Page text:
Competing interests: All authors have completed the ICMJE uniform disclosure form at www.icmje.org/coi_disclosure.pdf (available on request from the corresponding author) and declare: VLG, AJN, MB, and HCB are supported by an unrestricted grant from Santéuisse and the Gottfried and Julia Bangerter-Rhyner-Foundation. DLB is on the advisory boards of Elsevier PracticeUpdate Cardiology, Medscape Cardiology, and Regado Biosciences; is on the boards of directors of Boston VA Research Institute and Society of Cardiovascular Patient Care; is chair of American Heart Association Get With The Guidelines Steering Committee; has received honoraria from American College of Cardiology (editor, Clinical Trials, Cardiosource), Belvoir Publications (editor in chief, Harvard Heart Letter), Duke Clinical Research Institute (clinical trial steering committees), Population Health Research Institute (clinical trial steering committee), Slack Publications (chief medical editor, Cardiology Today’s Intervention), WebMD (CME steering committees); is senior associate editor, Journal of Invasive Cardiology; is on data monitoring committees of Duke Clinical Research Institute, Mayo Clinic, and Population Health Research Institute; has received research grants from Amarin, AstraZeneca, Bristol-Myers Squibb, Eisai, Ethicon, Medtronic, Sanofi Aventis, the Medicines Company; and has undertaken unfunded research for FlowCo, PLx Pharma, Takeda. PRS has received payment for board membership from Ethicon Endo-Surgery, Surgiquest, Barosense, RemedyMD, and Stryker; consulting fees from Ethicon Endo-Surgery, Stryker, Gore, and Carefusion; payment for expert testimony from Physicians Review of Surgery; lecture fees from Ethi con Endo-Surgery, Allergan, Cinemed, and Quadrant Healthcom; holds a patent for a medical device to enhance weight loss in codevelopment with the Cleveland Clinic; receives royalties from Springer; has an equity interest in Intuitive Surgical, Barosense, Surgiquest, and RemedyMD; and receives institutional grant support (to the Cleveland Clinic) from Ethicon Endo-Surgery and Bard Davol.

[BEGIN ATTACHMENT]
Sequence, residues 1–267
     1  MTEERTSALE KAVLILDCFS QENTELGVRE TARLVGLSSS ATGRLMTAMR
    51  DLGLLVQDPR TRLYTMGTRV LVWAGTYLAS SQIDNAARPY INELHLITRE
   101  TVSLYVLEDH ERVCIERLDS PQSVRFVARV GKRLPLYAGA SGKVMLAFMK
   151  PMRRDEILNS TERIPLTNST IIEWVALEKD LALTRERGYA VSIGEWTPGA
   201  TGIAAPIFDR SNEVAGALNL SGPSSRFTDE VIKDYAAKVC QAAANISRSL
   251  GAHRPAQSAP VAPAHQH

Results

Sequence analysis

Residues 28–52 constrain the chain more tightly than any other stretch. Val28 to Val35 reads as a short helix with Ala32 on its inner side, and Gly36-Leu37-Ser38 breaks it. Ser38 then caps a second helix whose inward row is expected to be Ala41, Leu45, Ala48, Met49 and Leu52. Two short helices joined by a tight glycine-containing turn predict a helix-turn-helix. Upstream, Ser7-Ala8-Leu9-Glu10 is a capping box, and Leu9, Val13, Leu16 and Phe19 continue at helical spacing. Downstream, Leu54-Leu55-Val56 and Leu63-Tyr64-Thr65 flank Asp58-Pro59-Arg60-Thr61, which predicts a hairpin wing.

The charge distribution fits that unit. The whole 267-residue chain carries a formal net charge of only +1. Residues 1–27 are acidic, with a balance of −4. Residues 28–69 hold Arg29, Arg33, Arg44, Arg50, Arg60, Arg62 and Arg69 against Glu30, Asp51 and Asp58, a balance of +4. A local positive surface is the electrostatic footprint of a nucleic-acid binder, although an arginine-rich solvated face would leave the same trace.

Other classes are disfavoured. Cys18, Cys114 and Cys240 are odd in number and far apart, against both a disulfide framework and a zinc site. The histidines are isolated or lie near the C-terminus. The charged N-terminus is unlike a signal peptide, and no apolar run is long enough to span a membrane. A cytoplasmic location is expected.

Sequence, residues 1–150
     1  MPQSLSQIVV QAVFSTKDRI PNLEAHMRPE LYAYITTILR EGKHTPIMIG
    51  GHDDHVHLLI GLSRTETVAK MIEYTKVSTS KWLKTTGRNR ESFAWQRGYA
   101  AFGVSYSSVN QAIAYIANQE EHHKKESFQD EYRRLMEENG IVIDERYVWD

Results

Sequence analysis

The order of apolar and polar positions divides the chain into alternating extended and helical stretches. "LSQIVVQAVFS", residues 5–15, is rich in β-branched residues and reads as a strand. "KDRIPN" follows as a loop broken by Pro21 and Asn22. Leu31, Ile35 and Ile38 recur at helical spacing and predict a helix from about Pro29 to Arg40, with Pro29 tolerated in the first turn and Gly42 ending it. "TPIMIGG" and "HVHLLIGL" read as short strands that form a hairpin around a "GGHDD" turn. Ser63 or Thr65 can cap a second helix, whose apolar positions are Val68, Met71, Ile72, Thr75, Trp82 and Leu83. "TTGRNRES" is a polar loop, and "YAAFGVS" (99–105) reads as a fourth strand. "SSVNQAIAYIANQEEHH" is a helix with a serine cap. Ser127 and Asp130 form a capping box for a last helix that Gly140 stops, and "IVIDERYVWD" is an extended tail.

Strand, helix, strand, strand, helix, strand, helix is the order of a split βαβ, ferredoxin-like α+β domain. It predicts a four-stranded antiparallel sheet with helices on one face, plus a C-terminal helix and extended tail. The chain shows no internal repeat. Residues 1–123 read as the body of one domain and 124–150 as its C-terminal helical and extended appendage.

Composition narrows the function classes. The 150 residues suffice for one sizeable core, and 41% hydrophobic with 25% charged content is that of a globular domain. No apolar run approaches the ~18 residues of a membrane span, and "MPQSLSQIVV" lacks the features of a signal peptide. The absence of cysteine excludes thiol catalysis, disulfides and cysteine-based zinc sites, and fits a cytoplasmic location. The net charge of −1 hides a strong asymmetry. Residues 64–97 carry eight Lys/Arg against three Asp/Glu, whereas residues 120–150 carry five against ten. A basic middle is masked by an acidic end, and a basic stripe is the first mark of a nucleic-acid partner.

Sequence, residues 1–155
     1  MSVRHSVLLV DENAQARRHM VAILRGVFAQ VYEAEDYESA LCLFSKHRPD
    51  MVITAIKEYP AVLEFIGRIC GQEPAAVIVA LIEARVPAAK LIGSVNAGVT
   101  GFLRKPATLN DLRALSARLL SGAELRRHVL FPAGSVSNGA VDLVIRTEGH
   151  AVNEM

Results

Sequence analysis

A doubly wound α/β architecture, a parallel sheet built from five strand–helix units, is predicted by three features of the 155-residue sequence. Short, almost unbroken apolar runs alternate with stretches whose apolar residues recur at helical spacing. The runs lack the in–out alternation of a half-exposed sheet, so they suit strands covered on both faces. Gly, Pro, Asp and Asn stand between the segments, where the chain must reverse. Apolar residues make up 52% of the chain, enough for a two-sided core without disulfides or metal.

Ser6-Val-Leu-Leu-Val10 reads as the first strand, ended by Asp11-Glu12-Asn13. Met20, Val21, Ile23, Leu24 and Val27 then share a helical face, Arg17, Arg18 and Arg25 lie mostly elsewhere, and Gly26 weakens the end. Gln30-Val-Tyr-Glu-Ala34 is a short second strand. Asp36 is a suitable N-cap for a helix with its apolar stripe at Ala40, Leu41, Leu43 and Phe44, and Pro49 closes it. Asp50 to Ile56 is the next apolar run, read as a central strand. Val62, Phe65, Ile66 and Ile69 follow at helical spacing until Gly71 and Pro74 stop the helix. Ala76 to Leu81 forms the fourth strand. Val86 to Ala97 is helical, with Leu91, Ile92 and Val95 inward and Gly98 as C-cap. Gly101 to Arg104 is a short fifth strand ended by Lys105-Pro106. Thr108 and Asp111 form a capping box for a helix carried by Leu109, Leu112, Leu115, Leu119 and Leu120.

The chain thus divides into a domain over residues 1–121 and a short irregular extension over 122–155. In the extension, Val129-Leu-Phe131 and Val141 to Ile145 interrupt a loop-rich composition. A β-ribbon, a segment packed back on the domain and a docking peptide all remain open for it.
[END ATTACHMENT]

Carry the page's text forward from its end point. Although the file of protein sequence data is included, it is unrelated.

Figures

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Fig 1 Results on information search. (*Relevant bariatric surgery techniques were Roux-en-Y gastric bypass, adjustable gastric banding, sleeve gastrectomy, and biliopancreatic diversion with or without duodenal switch)
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Fig 2 Mean change in body weight (kg) after bariatric surgery versus non-surgical treatment (control) for obesity. Subgroup analysis was done for the studies that used adjustable gastric banding versus other bariatric surgery techniques. (Differences in mean change in body weight calculated by inverse variance statistical method of random effects model)
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Fig 3 Mean change in body weight (kg) after adjustable gastric banding or Roux-en-Y gastric bypass versus non-surgical treatment (control) for obesity. Subgroup analysis was done for the studies that used adjustable gastric banding versus Roux-en-Y gastric bypass. (Differences in mean change in body weight calculated by inverse variance statistical method of random effects model)
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Fig 4 Mean change in (cm) after bariatric surgery versus non-surgical treatment (control) for obesity. Subgroup analysis was done for the studies that used adjustable gastric banding versus other bariatric surgery techniques. (Differences in mean change in waist circumference calculated by inverse variance statistical method of random effects model)